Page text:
Climate Change: Impacts on the places we love

Climate change is already affecting the places we love in Central Oregon and is expected to get worse.


Climate Change Impacts on the Places We Love

Most people live in Central Oregon because of the immense beauty of its natural places. Our mountains, forests, lakes, streams, and sagebrush steppe habitats are all being altered by climate change. These impacts have begun to affect ecosystems across our region, and the impacts of climate change on animals, plants, and habitats are all interconnected. Learn more about what's happening now and what we can expect to happen in the future to our loved places.

 

Skyline Forest. Photo: Jim 	Yuskavitch
Skyline Forest. Photo: Jim Yuskavitch
Forests

We have started to see an increase in large wildfires in Central Oregon, a trend that will continue into the future. In the near term, some forests in the East Cascades region may grow due to a longer growing season and increased precipitation as rain, which could also intensify wildfires in our area.

In addition, increased temperatures in Central Oregon may boost tree disease outbreaks and bark beetle invasions. Some models suggest that the range of bark-beetle-hosting ponderosa pine and Douglas fir trees will increase, creating opportunities for large-scale infestations. In the long-term, this will likely lead to rapid, widespread death of ponderosa pines.

Learn about what the Deschutes Land Trust is doing to help forests in the face of climate change.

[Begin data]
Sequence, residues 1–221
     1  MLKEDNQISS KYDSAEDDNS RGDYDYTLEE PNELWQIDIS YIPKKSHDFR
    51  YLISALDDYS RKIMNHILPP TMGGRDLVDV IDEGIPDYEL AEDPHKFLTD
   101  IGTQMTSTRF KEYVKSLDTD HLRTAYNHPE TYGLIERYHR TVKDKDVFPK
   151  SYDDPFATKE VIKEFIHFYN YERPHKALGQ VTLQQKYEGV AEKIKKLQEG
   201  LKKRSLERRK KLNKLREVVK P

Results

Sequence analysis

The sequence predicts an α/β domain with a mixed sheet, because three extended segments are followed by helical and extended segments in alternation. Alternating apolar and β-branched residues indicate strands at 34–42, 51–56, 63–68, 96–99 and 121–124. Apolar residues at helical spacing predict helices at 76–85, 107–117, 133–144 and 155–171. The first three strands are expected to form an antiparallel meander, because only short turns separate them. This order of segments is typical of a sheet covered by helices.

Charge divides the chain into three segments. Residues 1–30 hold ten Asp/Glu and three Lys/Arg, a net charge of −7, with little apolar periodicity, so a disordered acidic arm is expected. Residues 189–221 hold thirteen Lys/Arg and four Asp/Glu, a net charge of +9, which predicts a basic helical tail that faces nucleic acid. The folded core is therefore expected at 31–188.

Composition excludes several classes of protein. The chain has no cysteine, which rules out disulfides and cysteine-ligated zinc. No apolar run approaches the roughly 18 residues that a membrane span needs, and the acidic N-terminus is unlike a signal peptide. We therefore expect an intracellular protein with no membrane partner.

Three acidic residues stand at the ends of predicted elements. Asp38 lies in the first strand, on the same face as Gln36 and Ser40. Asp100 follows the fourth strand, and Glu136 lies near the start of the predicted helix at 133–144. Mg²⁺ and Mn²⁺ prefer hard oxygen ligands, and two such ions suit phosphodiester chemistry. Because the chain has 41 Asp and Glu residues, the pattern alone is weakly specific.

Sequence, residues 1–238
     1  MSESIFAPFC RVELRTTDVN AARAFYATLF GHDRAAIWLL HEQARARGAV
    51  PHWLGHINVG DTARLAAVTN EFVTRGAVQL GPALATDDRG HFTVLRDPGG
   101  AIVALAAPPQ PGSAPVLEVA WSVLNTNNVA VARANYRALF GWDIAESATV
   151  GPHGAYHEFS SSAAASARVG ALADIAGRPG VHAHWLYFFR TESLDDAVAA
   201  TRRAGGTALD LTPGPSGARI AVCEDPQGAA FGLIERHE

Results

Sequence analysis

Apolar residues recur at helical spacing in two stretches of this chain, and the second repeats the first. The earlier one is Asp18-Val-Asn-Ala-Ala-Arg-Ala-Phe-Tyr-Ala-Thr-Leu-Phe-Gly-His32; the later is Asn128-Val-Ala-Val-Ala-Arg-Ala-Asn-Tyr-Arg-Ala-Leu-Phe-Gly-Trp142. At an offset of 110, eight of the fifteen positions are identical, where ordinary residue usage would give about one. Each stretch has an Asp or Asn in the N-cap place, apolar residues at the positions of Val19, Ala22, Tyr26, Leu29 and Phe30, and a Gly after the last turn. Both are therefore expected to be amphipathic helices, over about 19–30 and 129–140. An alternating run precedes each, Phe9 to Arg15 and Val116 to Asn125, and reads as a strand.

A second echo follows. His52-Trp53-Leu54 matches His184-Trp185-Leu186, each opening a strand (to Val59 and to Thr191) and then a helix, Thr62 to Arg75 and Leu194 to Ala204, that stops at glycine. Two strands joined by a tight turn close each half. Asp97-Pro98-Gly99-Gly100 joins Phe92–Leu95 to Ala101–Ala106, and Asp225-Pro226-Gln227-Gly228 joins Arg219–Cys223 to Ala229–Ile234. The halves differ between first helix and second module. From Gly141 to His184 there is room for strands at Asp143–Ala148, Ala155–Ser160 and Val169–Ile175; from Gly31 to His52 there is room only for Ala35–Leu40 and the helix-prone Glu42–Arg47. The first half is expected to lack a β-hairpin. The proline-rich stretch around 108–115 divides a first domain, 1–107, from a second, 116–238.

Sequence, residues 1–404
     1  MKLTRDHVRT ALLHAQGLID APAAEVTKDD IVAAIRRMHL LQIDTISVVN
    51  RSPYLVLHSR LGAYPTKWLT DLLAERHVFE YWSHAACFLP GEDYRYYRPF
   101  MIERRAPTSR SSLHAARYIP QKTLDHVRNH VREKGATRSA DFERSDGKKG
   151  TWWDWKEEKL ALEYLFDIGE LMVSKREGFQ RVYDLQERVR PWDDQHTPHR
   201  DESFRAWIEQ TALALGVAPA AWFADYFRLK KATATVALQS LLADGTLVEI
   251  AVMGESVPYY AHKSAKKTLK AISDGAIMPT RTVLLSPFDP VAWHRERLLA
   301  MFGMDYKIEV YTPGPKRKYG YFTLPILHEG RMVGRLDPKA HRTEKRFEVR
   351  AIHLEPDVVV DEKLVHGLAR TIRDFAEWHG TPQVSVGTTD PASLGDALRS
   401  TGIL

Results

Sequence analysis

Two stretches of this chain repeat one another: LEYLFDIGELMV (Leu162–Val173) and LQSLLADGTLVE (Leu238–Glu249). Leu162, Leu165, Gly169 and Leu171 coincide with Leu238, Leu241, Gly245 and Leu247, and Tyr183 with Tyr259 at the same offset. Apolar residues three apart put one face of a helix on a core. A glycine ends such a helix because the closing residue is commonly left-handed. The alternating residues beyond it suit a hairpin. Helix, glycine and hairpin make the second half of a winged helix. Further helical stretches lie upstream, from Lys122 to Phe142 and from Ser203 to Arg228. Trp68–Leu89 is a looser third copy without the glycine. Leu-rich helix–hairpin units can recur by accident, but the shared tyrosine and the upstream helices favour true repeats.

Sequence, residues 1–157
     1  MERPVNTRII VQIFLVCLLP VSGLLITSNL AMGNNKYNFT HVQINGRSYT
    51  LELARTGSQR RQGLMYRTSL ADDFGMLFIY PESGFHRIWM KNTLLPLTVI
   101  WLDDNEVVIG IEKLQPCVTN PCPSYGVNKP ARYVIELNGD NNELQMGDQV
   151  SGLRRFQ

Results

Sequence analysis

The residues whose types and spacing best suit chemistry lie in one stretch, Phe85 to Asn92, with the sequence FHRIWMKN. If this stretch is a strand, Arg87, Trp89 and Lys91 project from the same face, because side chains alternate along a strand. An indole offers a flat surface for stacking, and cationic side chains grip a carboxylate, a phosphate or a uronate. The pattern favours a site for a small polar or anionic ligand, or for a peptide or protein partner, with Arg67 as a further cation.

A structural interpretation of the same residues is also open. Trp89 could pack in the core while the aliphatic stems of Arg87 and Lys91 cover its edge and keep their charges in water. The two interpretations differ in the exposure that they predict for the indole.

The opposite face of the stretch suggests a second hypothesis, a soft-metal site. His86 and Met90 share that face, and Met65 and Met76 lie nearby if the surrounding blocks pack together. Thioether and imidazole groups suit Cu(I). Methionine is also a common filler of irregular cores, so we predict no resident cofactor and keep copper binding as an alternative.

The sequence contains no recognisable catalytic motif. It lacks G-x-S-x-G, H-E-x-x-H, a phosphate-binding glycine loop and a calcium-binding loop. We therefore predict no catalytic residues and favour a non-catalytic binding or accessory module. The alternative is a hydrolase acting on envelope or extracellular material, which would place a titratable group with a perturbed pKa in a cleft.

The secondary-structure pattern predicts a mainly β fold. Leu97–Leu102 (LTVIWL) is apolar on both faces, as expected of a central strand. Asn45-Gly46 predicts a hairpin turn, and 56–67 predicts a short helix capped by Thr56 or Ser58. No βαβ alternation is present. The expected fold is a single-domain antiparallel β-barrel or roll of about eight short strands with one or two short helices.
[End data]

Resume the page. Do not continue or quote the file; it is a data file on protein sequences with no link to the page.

Mt. Jefferson from Indian Ford Meadow Preserve. Photo: Tyler Roemer.
Mt. Jefferson from Indian Ford Meadow Preserve. Photo: Tyler Roemer.
Snow and Mountains

Although it's incredibly difficult to predict precisely how climate change will impact precipitation, many models suggest that overall precipitation will increase in Oregon in the next hundred years or so. Due to rising temperatures, this precipitation will fall primarily as rain and will significantly reduce snowpack, particularly in the Cascades. In the transition to rain-dominant precipitation, rain-on-snow events will contribute to increased flooding and other streamflow alterations. By the 2080s, the entire Deschutes Basin will likely be rain-dominant.

Read more about this on our blog: Winter Isn't Coming. Then, learn about what the Deschutes Land Trust is doing to help reduce climate change's impact on snow and mountains.

 

Whychus Creek. Photo: Kris Kristovich.
Whychus Creek. Photo: Kris Kristovich.
Rain and Waterways

Since warmer air holds--and ultimately releases--more moisture than cooler air, increased rainfall is predicted in Central Oregon. In the Cascades, this will combine with warmer temperatures to create less snowfall, more rainfall, and more flooding. 

In rivers, more rain and less snow will contribute to earlier peak streamflow, will cause lower low flows, will decrease annual streamflow, and may lead to other changes in timing. It will also lead to a reduced amount of mountain groundwater recharge.

Warmer temperatures and decreased streamflow will contribute to higher stream temperatures, reducing habitat quality for fish.

Learn about what the Deschutes Land Trust is doing to help reduce climate change's impact on rain and waterways.

 

Sage at Whychus Canyon Preserve. Photo: Joan Amero.
Sage at Whychus Canyon Preserve. Photo: Joan Amero.
Sagebrush Steppe

It is likely that sagebrush steppe habitats will be reduced by climate change, which will allow plants like juniper to expand. Invasive species like cheatgrass and ventenata will also continue to spread throughout the areas currently occupied by sagebrush species. The combination of juniper and cheatgrass will provide ample material for intense fires and may cause the sagebrush steppe to convert entirely into grasslands.

In Central and Eastern Oregon, some of the wildlife expected to face population decline and loss of habitat include pronghorn, pgymy rabbit, western burrowing owl, mule deer, golden eagle, and greater sage grouse. 

Learn about what the Deschutes Land Trust is doing to help reduce climate change's impact on the sagebrush steppe.

 

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